Great white sharks hunting in kelp – more footage and info

4 September, 2019

Monterey Bay Aquarium released a short film, comprising footage of the white shark we tracked swimming through kelp in South Africa, 2017. It's boss.

The story of great white sharks hunting in kelp was broken earlier this year.

Close friend and long-term sharky-collaborator Oliver Jewell, lead the study which was based in Gansbaai, South Africa.

The team consisted of myself, scientists Dr. Salvador Jorgensen, Dr. Adrian Gleiss, Dr. Taylor Chapple, Dr. Paul Kanive, producer Presley Adamson and Zoologist/Communications badass, Michelle Wcisel Jewell.

Cryptic habitat use of white sharks in kelp forest revealed by animal-borne video was published to tremendous interest from the scientific community and shark-nuts alike.

Because sharks hunting in kelp is badass and worthy of your interest.

Story continues below...

Sharks hunting in kelp on video

Sharkies on film!

Monterrey Bay Aquarium published a video about the project, towards the end of July in the run up to Shark Week.

It’s not long, but features new footage from the project and interviews with key members of the team. Namely Oliver Jewell and Dr. Sal Jorgensen.

If you watch closely, you might even spot a hobbit-like creature in the background, trying to look cool.

Trying and successfully nailing, I’d like to think.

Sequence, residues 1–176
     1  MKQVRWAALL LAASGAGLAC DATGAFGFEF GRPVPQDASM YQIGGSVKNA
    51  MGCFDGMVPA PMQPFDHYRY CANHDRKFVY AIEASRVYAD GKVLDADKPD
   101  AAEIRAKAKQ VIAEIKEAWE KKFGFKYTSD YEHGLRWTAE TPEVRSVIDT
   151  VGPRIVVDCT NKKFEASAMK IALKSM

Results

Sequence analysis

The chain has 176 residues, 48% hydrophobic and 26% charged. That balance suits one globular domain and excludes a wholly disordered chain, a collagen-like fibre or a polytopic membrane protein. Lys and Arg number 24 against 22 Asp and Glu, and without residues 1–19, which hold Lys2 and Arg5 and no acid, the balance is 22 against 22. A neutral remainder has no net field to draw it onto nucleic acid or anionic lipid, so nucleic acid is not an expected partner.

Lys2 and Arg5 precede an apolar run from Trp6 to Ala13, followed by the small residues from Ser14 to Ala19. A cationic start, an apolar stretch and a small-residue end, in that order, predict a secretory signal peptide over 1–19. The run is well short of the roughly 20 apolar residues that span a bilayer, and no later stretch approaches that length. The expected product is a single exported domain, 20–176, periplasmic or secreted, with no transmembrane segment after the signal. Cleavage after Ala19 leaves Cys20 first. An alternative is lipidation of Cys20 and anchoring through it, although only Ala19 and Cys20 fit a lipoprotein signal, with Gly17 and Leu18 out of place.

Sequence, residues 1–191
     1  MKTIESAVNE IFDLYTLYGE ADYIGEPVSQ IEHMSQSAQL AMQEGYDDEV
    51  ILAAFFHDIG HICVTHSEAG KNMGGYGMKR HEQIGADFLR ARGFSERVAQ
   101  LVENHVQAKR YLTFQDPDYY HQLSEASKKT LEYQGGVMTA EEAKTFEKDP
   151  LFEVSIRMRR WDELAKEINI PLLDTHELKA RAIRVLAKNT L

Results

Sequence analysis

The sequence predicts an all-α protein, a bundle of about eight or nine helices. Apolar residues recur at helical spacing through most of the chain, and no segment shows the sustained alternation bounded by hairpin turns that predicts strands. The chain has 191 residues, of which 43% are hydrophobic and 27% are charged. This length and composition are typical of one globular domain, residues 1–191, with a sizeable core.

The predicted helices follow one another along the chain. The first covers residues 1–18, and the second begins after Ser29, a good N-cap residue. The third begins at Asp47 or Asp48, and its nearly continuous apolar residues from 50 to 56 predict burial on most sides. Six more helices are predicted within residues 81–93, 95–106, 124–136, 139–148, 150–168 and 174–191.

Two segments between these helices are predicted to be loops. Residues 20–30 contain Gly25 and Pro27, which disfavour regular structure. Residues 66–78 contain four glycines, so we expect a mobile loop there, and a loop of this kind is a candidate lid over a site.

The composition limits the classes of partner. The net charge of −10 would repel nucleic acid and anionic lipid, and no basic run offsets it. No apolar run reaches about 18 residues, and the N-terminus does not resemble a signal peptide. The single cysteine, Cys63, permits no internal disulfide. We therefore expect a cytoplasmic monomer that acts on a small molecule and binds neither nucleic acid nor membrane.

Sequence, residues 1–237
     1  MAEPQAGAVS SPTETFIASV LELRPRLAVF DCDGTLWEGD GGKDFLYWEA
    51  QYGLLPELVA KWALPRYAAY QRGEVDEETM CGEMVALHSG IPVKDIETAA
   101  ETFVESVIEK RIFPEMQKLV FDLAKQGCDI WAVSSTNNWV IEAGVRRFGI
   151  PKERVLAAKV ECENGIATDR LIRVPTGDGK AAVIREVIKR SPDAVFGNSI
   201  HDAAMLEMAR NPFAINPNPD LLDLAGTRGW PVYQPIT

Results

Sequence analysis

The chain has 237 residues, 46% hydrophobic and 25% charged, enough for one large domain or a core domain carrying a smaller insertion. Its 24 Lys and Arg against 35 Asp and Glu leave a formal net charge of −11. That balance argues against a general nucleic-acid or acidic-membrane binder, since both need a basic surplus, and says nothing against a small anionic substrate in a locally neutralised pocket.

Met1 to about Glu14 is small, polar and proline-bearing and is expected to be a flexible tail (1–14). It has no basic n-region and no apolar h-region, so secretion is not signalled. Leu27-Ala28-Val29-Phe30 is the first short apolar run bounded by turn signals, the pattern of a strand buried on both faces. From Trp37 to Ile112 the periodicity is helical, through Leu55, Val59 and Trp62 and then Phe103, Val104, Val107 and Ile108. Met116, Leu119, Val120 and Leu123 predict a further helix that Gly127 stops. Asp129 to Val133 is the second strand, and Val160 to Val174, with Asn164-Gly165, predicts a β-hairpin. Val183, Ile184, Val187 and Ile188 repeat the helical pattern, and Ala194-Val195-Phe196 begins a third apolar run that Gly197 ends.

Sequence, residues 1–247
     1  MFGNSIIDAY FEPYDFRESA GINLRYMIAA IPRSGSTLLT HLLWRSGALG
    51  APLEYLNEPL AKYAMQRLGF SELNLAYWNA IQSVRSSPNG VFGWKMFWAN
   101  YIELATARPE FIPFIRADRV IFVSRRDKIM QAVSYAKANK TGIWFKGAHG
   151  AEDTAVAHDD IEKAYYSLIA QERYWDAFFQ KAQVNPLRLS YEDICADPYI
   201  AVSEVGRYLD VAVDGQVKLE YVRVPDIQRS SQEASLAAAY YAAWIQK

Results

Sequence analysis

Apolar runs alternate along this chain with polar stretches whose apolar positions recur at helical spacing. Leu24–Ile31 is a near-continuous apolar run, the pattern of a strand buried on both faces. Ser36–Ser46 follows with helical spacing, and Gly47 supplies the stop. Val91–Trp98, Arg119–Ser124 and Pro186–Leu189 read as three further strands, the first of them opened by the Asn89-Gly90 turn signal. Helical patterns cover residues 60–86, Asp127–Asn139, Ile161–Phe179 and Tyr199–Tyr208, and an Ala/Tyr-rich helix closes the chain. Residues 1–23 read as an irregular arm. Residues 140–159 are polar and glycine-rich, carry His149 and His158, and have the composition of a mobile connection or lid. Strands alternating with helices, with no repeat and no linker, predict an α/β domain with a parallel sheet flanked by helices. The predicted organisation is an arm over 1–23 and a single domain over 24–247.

Play full video (02:06)
Forget Shark Week - this is where the real shit's at.

Forget Shark Week - this is where the real shit's at.

More information about the study

If this is all news to you, please do read my previous journal update on great white sharks hunting in kelp.

In it, I go into a bit more detail about the technologies used and some of the cool stuff observed in the captured footage. Read it, your day will instantly be made better.

Then, please check out the Steel Kelp Shark artwork I put together to help promote the release of the study.

Fingers crossed, more research and footage will be published from the project in the coming months.

Thanks again to the team and Monterey Bay Aquarium, Stanford UniversityMurdoch University and as always, The Dyer Island Conservation Trust.

Cheers!

 

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Posted 4 September, 2019